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Mental Heath Monday: Domestic violence during the pandemic

One in four women, and one in ten men experience interpersonal violence. Keep in mind, this violence comes in many forms.

HUNTSVILLE, Ala — One in four women, and one in ten men experience interpersonal violence.

Keep in mind, this violence comes in many forms.

It can be sexual, physical, and emotional. At the start of the pandemic, when we were all stuck at home, more people found themselves looking for help because they were stuck spending more time with their abusers.

Our Sydney Stallworth wants you to know there are resources available in this week’s Mental Health Monday. 

We’re about a year into the pandemic and a lot of places are opening back up, which is great. But, all in all, we’re still spending a lot more time at home than we normally would and this can be a very scary situation if your home is not a safe space.

We met with Becky Cecil, Development Manager of Crisis Services of North Alabama (CSNA). She says, “At the beginning of the pandemic, we saw about a 25 percent increase in calls related to domestic violence.”

They provide resources, shelters, care and counseling for anyone in a crisis situation in the Valley. At the start of the pandemic, they were hands-on in helping meet the demand. 

Becky Cecil tells us, “Our domestic violence responders were going out with police more often to domestic violence calls. We were getting more calls on our helpline. I just recently read, from 2019 to 2020, there was about an 8 percent increase in domestic violence. They’re considering that to be kind of the ‘floor’ because domestic violence is so under reported, it’s hard to know what that number really is.”

Calls have started to trend down as the pandemic continued. But, CSNA says that could just mean that less incidents are being reported.

They want you to know you do have advocates locally and they have a lot of ways you can reach out for help. The resources are all quick and confidential. 

Becky Cecil says, “One of our biggest programs is our HelpLine because we kind of consider that to be out ‘front door’. Our HelpLine is 24/7, seven days a week, 365 days a year. You can call on Christmas, New Years, Thanksgiving-- any day of the year, we will have a staff member or a trained crisis counselor available... You can get services. If you need to go to a shelter, you can go to a shelter. If you need counseling or a support group, they can refer you to that. If you need a court advocate, we can refer you to that. So, what Crisis Services does as a whole is we respond to everybody in crisis that we possibly can.”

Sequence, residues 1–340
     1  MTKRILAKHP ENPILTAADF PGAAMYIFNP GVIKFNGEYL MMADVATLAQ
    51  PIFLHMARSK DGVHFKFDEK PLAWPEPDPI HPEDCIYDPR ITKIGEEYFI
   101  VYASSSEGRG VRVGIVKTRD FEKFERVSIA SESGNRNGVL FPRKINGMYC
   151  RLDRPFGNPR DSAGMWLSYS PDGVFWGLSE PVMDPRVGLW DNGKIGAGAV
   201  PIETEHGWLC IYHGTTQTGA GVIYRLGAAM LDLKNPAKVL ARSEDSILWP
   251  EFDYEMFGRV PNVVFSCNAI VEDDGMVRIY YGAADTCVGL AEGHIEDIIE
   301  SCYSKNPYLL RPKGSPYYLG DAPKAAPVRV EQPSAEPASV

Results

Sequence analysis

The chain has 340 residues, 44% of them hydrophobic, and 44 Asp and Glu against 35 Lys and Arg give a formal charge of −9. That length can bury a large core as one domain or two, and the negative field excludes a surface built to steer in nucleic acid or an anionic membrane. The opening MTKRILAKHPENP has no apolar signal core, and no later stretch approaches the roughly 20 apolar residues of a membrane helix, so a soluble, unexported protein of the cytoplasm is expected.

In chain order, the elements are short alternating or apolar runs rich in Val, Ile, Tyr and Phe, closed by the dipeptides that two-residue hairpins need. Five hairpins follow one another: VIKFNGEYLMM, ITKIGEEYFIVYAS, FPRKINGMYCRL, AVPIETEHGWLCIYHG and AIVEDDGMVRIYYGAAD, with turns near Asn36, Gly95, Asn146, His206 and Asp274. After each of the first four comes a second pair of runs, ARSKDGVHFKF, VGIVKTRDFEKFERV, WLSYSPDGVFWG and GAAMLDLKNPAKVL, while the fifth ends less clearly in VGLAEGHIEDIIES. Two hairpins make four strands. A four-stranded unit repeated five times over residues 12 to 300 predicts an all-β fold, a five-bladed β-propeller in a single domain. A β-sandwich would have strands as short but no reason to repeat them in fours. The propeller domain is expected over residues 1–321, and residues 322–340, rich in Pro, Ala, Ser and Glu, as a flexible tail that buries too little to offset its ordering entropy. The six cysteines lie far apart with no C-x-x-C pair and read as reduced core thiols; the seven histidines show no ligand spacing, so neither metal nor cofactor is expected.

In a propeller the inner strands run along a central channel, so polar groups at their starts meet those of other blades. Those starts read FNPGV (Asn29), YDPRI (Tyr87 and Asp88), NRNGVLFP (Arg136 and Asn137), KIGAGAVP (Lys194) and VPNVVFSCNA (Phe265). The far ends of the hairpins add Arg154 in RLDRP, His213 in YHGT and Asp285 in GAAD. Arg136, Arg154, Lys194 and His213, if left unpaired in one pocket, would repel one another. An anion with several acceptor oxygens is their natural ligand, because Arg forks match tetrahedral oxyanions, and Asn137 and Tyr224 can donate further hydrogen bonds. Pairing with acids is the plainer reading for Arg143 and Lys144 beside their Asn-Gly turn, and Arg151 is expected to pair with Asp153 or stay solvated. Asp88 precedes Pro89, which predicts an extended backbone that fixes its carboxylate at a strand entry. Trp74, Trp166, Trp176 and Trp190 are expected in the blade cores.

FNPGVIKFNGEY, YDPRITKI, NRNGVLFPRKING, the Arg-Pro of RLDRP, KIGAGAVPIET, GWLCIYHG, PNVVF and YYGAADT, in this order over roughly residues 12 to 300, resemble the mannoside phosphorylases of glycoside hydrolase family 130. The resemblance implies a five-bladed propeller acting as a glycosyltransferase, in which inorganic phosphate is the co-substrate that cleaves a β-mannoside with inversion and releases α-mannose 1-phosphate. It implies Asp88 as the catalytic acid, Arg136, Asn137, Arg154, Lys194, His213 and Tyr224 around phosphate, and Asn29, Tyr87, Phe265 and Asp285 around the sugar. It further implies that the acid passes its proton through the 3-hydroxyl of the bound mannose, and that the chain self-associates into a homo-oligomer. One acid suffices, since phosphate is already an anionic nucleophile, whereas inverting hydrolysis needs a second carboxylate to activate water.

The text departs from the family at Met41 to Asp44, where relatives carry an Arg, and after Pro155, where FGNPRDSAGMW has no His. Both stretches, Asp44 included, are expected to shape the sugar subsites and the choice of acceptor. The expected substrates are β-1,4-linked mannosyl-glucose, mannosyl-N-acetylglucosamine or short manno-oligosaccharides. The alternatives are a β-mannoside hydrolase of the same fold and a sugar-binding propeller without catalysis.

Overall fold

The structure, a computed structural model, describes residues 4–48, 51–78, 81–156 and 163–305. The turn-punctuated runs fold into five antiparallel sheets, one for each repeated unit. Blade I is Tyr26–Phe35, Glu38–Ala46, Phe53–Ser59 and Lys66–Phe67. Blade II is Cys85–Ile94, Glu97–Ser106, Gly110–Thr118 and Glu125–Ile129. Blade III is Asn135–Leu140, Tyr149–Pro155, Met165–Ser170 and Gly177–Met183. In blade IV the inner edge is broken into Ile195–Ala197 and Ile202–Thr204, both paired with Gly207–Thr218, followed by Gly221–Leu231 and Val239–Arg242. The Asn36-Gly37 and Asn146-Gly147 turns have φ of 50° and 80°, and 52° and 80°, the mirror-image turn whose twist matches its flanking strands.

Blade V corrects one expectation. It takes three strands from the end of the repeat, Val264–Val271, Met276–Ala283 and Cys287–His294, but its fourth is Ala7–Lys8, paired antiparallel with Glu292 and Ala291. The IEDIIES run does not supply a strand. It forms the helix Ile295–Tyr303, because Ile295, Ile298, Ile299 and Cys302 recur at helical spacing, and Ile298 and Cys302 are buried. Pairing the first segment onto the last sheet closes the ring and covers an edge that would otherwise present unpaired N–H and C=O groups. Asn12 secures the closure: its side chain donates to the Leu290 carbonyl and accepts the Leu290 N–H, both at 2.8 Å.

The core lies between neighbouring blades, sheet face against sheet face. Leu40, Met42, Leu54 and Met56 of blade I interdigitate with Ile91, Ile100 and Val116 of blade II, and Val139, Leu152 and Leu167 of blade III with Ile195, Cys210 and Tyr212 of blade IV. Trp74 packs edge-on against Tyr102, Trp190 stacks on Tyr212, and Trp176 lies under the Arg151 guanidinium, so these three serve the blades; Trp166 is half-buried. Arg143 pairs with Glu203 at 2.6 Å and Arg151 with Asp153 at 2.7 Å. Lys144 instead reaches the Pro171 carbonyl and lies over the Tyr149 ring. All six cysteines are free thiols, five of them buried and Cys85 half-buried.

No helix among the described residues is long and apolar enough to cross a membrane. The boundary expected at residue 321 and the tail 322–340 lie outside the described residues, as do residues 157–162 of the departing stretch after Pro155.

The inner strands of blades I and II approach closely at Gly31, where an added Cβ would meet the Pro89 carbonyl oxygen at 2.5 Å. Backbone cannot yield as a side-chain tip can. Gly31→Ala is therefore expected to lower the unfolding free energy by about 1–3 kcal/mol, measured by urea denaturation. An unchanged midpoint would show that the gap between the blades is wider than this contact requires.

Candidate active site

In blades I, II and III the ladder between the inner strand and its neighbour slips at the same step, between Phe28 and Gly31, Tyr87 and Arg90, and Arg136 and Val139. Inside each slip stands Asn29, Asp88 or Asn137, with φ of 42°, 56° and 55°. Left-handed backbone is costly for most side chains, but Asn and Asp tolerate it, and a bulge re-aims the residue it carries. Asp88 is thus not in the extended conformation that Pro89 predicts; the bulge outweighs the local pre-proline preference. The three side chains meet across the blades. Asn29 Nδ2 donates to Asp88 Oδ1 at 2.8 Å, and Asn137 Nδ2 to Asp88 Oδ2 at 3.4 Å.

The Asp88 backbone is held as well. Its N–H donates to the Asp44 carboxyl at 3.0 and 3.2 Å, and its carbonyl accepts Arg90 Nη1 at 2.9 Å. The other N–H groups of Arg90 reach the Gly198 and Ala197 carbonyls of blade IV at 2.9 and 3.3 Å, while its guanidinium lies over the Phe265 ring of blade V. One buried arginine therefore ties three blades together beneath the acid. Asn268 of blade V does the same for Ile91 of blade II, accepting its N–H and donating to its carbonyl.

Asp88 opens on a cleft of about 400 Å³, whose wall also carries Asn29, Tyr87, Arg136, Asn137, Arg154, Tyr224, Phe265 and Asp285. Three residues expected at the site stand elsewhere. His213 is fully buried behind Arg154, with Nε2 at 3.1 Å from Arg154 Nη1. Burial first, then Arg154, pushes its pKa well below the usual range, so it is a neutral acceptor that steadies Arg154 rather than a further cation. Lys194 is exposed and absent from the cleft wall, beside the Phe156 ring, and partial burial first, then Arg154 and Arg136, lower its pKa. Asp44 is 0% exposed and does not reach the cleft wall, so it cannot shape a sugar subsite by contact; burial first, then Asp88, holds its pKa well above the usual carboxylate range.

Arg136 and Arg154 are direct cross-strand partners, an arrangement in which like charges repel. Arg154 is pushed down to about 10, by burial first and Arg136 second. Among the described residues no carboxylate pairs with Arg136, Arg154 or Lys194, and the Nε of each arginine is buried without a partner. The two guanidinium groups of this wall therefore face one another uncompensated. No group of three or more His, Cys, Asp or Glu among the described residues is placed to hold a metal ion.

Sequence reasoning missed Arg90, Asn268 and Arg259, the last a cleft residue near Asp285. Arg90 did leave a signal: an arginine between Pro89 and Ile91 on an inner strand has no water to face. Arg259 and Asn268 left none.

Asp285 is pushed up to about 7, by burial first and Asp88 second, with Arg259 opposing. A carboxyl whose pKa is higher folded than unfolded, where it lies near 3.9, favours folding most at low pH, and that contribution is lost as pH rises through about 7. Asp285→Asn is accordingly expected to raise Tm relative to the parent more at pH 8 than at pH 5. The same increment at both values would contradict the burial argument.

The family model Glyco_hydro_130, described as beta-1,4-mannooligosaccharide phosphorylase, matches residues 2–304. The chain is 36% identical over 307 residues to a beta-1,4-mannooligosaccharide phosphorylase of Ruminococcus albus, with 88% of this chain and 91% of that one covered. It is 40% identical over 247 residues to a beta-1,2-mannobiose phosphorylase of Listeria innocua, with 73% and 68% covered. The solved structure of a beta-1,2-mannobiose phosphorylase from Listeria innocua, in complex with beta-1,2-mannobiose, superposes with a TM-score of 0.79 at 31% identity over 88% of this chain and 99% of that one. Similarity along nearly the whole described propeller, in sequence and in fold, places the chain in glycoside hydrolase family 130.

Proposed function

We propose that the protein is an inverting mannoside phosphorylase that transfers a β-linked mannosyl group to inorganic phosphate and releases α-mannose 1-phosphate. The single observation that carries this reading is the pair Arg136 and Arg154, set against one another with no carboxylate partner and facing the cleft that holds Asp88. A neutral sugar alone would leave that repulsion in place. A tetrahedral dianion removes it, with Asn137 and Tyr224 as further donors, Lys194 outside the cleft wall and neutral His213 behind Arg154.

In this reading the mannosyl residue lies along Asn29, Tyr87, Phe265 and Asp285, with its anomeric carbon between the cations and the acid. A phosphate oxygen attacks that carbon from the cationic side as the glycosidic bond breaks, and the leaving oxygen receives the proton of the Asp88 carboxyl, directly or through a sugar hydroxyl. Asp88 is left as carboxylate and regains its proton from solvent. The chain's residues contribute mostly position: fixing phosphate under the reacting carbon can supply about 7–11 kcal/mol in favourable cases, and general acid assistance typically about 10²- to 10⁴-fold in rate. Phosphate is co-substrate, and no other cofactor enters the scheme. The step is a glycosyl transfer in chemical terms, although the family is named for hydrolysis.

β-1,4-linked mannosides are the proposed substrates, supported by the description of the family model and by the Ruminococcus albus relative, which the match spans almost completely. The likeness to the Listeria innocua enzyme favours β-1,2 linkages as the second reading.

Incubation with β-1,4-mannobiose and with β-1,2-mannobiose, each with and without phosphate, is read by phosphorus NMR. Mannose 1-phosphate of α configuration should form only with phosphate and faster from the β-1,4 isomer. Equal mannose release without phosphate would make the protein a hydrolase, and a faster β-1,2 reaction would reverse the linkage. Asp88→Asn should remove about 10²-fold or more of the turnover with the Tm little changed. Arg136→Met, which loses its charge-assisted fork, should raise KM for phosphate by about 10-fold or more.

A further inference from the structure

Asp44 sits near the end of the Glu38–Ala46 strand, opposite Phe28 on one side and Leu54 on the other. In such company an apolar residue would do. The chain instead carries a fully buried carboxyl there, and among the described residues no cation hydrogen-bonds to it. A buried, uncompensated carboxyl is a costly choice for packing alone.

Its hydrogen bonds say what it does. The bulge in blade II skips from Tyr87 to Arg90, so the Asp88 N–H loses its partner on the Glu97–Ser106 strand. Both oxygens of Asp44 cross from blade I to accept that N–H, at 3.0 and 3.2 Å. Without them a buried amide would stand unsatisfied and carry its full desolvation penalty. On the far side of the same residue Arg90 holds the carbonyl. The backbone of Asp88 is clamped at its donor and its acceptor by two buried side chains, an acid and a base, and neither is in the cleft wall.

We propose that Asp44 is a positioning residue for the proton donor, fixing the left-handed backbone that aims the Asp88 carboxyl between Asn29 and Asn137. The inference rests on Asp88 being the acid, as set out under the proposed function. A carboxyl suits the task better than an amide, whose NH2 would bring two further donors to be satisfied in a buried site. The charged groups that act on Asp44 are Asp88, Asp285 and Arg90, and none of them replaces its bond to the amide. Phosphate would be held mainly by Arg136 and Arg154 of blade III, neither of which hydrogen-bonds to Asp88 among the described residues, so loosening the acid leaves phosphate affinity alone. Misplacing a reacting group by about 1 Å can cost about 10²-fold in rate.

She adds, “We want our clients to feel safe coming to us. We are not going to give their information to anybody. We are not going to let their abuser know where they are. If they call our 24/7 helpline, they don’t have to give us their name or information. If they’re not ready to leave and they just want to talk to somebody. We’re here for that.” 


Click HERE to be redirected to CSNA website. They’ve considered the risks that can come along with looking for help while at home with an abuser. Becky Cecil says, “On our website, we have an escape button so if somebody is looking at our services and an abuser walks in, they have one click to get out of it.” 

If you’re worried about how you'll pay for these services-- don’t. 

Becky tells our reporter, “Our services are all free. We never charge for our services because we realize when someone is going through something traumatic, something a lot of us couldn’t even imagine… We don’t want them to try to figure out how they’re going to pay for it.” 

Becky Cecil also brought up the fact that when people hear the words ‘domestic violence’, their first thoughts go to physical abuse. But, emotional abuse is very real and just as dangerous. We want you to know, you have local resources that are available to you. 

If you, or anyone you know is in need of suicide crisis prevention, you can call the National Suicide Prevention Lifeline at 1(800)-273-TALK. 

You can also receive local assistance from Crisis Services of North Alabama using their 24/7 HELPline at (256) 716-1000. 

If you are having suicidal thoughts, or you know someone who is, help is available. In the U.S., call the National Suicide Prevention Lifeline at 1-800-273-8255. You can also text with an emotional support counselor with the Crisis Text Line by texting HOME to 741741.

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